A Big Day For Mobile In The US?

The FCC’s auction of some nice 700 MHz spectrum licenses began last week — you’ll remember these as including the ones in which Google has been interested. In particular, the big G played a role in getting open-access requirements attached to the C block nationwide license, meaning that if bidding for it topped $4.6 billion, the winning bidder would have to follow certain rules to open its network to compatible third-party devices and services.

Today, that $4.6 billion barrier was breached, with the C block now bid up to $4.72 billion — meaning the open-access rules will be in force when the network using that license is launched. While the rules stopped short of mandating that the winning bidder sell wholesale network access to anybody who wants it, it will offer some legal backup to the big push for open that’s sweeping through the US mobile industry at the moment. Hopefully, it will also lead to a sea change among operators, and help encourage them to truly open up their networks and increase competition, so as to deliver more innovative services to consumers at better prices.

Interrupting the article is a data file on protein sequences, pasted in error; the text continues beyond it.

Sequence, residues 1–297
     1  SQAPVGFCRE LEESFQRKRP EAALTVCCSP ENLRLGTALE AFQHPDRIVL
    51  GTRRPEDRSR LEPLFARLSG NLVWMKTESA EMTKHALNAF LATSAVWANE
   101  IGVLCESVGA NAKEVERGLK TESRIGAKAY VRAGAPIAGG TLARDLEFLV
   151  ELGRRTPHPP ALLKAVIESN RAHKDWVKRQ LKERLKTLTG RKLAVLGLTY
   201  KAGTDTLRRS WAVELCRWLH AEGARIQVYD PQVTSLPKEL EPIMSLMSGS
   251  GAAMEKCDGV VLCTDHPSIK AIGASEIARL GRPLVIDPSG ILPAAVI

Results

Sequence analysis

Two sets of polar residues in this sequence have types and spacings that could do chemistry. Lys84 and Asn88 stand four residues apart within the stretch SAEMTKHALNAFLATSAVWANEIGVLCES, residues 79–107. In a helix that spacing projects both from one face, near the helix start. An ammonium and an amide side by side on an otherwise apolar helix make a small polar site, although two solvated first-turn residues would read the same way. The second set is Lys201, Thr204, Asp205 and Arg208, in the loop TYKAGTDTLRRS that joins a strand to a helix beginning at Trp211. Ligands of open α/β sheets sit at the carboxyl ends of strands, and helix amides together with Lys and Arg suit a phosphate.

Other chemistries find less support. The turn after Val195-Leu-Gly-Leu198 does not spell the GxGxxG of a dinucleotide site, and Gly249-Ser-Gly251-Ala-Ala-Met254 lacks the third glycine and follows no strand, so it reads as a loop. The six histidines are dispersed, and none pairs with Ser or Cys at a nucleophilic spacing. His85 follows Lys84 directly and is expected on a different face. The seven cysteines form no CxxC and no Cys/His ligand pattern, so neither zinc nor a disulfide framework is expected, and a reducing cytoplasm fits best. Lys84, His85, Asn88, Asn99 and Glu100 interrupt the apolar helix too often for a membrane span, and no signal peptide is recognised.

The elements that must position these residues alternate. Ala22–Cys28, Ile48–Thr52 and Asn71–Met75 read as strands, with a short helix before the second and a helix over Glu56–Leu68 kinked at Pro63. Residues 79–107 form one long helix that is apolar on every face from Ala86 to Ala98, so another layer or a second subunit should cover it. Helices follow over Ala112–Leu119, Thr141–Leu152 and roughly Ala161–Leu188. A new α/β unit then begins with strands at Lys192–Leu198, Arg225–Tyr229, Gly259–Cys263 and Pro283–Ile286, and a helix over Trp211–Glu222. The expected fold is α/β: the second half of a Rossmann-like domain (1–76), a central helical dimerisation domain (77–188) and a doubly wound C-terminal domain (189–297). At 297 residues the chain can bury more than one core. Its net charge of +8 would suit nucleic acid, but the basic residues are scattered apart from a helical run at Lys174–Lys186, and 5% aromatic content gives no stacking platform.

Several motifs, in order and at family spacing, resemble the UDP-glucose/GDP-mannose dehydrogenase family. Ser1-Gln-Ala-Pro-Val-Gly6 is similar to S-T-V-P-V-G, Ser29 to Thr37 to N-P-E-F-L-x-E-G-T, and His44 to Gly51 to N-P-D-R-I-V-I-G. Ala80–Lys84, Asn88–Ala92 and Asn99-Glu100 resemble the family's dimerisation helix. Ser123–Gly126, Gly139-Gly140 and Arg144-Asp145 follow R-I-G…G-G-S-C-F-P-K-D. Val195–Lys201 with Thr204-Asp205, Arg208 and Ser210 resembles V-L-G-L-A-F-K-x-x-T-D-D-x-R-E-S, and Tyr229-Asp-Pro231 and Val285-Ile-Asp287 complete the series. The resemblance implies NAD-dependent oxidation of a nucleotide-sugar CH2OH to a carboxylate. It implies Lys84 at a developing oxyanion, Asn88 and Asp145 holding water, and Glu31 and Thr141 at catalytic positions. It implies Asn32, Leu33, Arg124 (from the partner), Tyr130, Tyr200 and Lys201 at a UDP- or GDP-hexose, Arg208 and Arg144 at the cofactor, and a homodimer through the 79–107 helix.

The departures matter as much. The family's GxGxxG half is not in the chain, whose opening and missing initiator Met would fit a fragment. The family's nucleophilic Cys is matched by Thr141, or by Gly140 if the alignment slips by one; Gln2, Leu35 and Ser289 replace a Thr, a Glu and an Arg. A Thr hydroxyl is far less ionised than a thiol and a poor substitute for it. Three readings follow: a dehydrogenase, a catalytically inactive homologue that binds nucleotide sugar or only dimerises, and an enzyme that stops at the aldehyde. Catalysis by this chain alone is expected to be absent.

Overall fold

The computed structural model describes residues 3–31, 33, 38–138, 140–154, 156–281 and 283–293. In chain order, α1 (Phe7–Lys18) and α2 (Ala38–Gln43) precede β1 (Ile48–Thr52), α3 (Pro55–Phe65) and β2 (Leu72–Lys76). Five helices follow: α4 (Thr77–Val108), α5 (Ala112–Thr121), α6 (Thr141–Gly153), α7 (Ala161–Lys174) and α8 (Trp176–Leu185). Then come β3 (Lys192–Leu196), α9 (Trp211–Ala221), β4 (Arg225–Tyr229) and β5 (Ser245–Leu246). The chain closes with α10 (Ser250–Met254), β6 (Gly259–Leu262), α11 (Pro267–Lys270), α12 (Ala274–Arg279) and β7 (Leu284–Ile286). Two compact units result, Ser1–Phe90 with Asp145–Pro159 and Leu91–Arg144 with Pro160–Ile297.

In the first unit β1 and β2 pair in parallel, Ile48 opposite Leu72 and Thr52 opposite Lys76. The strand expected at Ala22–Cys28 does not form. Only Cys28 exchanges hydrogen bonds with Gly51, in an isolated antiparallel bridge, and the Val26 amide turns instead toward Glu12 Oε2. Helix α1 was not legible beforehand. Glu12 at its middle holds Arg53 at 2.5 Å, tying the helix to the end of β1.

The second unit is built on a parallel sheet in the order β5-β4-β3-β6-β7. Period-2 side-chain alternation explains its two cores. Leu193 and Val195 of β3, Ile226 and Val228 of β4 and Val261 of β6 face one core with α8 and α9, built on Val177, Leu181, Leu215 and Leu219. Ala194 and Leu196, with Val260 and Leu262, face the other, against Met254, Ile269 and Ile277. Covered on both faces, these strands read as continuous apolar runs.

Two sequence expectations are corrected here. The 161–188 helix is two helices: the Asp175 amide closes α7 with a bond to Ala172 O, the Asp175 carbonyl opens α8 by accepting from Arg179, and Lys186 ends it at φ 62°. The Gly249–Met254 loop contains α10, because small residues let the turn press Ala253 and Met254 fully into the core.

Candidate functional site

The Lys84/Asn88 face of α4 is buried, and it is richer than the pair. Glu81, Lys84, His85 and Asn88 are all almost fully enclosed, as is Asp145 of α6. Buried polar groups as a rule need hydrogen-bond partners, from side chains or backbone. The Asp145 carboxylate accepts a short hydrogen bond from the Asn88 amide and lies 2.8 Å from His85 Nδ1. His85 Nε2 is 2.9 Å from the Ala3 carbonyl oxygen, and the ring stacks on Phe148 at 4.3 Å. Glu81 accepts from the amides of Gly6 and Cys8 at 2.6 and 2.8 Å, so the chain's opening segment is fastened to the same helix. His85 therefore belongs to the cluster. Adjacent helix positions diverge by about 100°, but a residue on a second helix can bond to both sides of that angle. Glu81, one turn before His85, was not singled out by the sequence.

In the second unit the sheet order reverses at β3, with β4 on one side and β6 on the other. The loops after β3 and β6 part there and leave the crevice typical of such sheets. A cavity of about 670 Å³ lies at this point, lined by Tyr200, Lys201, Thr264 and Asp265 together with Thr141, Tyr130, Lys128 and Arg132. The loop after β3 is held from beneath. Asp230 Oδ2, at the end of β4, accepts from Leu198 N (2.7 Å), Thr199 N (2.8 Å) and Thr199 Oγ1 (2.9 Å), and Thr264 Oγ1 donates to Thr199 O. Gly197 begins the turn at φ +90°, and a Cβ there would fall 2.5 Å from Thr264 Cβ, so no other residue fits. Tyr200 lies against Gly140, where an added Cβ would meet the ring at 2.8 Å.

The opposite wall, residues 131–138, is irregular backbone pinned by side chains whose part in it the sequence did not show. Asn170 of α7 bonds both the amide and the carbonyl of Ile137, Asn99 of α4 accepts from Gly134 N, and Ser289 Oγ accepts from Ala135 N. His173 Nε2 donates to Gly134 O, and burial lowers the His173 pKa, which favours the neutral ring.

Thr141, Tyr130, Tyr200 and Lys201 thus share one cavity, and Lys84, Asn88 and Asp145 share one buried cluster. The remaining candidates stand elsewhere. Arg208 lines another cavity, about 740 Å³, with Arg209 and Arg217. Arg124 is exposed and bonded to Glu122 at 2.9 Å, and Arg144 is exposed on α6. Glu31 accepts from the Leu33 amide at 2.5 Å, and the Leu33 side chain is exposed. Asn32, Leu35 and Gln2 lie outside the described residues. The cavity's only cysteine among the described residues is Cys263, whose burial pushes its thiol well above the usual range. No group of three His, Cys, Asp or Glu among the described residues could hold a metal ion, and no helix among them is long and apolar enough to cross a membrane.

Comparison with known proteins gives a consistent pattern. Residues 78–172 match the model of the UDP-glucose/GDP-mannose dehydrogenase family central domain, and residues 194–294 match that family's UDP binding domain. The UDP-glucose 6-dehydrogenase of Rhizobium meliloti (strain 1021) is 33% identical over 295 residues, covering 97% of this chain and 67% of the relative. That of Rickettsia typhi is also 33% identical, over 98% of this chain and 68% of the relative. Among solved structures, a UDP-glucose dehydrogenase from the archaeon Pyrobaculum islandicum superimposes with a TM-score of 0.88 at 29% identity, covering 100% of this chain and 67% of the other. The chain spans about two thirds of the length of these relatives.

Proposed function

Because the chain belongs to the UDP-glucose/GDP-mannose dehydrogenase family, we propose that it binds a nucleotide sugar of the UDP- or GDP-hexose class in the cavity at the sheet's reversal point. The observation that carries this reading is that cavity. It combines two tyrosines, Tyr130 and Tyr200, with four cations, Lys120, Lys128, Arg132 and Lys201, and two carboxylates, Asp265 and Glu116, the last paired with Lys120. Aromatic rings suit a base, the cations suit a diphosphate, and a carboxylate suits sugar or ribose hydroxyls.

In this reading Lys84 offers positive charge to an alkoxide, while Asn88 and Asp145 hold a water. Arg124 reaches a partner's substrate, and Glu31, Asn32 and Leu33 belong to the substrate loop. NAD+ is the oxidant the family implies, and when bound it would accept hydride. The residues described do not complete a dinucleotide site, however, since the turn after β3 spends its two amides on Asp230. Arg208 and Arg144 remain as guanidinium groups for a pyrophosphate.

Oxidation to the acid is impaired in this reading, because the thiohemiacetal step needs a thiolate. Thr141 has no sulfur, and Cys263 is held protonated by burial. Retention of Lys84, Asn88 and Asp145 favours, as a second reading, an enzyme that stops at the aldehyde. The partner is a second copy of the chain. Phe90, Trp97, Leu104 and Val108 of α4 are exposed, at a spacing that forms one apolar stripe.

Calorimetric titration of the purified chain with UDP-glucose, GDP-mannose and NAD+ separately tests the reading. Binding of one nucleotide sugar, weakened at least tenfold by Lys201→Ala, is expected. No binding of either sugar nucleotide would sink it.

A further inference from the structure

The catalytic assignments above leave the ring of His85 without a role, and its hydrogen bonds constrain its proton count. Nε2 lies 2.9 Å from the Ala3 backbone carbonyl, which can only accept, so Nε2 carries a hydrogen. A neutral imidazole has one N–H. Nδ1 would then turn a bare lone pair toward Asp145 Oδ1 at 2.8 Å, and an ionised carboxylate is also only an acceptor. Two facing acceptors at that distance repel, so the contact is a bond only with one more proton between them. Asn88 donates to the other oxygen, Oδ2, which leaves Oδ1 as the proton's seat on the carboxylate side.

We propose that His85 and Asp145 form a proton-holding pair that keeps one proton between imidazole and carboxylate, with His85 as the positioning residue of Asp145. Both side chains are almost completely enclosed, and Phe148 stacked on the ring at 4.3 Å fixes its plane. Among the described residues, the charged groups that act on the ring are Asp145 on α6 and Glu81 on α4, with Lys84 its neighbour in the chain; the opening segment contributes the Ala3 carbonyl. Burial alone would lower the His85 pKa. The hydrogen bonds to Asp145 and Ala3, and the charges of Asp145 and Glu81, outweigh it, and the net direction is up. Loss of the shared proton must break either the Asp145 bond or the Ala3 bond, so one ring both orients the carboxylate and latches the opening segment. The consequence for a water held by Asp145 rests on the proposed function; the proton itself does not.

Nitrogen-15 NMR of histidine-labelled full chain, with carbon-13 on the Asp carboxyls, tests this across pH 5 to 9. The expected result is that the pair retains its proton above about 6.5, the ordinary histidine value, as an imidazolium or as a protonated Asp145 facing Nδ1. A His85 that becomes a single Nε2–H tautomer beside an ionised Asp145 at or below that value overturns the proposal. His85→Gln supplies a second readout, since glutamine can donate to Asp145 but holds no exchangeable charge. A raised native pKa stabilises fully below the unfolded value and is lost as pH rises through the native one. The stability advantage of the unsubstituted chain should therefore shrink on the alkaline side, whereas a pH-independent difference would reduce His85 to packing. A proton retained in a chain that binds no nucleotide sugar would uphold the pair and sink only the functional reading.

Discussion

The bidders’ identities are kept secret until the end of the auction, but I’d guess Verizon is the leading bidder for this license; I’m sticking to my prognostication that Google doesn’t really want to win (and have to pay out all that cash. Given Verizon’s announced “open” policy, the open-access rules on the C block wouldn’t really be a big deal for it.

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